Photo may have been deleted

Montgomery County Jail, Facebook

Ex-Virginia Tech linebacker Isimemen Etute has been acquitted of murdering a Tinder date that he believed was a woman.

Etute, 19, was found not guilty of second-degree murder in the 2021 beating death of Jerry Smith, 40, of Blacksburg, Virginia, on Friday.

The jury deliberated for approximately three hours before returning a not guilty verdict on Friday.

The jury found the defense's "gay panic" argument believable that Smith deceived the young athlete into believing he was a woman named "Angie" before the two met for oral sex.

After engaging in oral sex, the two men had anal intercourse. Etute said Smith kept the lights off in his apartment and hid his face during their encounter.

The athlete said Smith paid him $50 for the date. But Etute stopped texting Smith after he heard rumors around town that he might be a biological male.

Smith texted Etute about a month later, asking him to bring friends.

Etute said he went back to Smith's apartment on May 31, 2021, to find out whether he was a male or a female, police said.

The linebacker groped Smith and used his phone's flashlight in the darkened apartment to get a better look at Smith's face.

After confirming his suspicion that Smith was a male, Etute punched him five times and kicked him when he thought Smith was reaching for a gun, according to his defense attorney.

Police said Smith had a knife hidden under his mattress, but the prosecutor said he would have been unable to reach it.

As Etute left Smith's apartment, he heard "bubbling and gurgling" sounds coming from Smith but did not call police.

After the jury announced its verdict, Etute cried and hugged his defense attorney. Smith's family quickly left the courtroom.

Etute's family, who prayed before the verdict was announced, also left the courtroom.

The gay panic defense has been used successfully in other murder cases. But it is banned in some jurisdictions.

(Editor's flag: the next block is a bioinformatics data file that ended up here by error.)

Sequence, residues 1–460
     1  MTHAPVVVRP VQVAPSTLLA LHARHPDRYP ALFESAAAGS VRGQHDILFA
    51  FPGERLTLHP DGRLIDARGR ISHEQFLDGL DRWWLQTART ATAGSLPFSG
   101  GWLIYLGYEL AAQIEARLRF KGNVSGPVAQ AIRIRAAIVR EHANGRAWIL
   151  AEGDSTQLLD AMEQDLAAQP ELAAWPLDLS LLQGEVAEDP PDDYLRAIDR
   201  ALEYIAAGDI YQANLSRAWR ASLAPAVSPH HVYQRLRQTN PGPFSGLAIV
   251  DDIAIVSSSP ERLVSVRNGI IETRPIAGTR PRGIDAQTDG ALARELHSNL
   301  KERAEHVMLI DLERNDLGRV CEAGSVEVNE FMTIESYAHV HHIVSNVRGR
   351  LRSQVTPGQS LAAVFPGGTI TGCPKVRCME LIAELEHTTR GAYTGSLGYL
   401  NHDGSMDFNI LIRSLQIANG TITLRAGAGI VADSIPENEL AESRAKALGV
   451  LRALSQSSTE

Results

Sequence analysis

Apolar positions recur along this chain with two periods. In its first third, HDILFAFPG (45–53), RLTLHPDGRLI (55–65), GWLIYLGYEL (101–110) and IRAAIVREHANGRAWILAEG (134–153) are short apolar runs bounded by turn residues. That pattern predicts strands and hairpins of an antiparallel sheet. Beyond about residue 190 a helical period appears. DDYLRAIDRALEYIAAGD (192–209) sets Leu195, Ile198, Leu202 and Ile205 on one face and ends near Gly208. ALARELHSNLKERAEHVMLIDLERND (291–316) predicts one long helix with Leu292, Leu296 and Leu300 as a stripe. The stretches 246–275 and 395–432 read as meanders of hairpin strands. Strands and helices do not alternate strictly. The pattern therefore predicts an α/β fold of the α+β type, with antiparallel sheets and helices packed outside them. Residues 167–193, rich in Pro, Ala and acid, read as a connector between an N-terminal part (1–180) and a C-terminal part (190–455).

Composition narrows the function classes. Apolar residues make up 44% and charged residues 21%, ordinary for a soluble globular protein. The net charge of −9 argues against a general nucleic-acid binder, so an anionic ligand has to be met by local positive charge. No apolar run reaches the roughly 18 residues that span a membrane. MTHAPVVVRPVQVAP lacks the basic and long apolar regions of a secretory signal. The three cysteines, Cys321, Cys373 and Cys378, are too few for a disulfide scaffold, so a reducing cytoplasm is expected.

Photo may have been deleted

YouTube

A Kenosha, Wisconsin jury found Kyle Rittenhouse not guilty on 5 counts in his murder trial on Friday. The verdicts were announced after the jury deliberated for four days.

Rittenhouse collapsed on the floor in tears after the verdicts were read. The emotional teenager faced life in prison if found guilty of killing two Antifa protester and wounding another during unrest in Kenosha last summer.

Judge Bruce Schroder thanked the jury, telling them they were "wonderful".

"I couldn't have asked for a better jury to work with," he said.

18-year-old Rittenhouse was released to walk out of the courtroom a free man.
 

Photo may have been deleted

YouTube

The brother of Olympic gymnast Simone Biles was nearly attacked in an Ohio courtroom after a judge acquitted him of triple murder on Wednesday.

Tevin Biles-Thomas was accused of a New Year's Eve 2018 shooting at a Airbnb house that killed three people, Johnson, 19, Toshaun Banks, 21, and Devaughn Gibson, 23.

The courtroom erupted after Judge Joan Synenberg issued her ruling at the Huntington Convention Center in Cleveland.

A woman rushed toward Biles-Thomas and yelled, "I'm going to kill you."

"You have to be f----ng kidding me... "He killed my baby! You know he killed my baby!"

Three sheriff’s deputies tackled the woman before she could reach the defendant.

"We get it, she's angry. She was led to believe Mr. Biles was guilty, when he wasn't, and she reacted like a mother. We don't fault her for that," Joseph Patituce, the defense attorney representing Biles-Thomas, told Fox 8 Cleveland.
 

MANDEL NGAN/AFP via Getty Images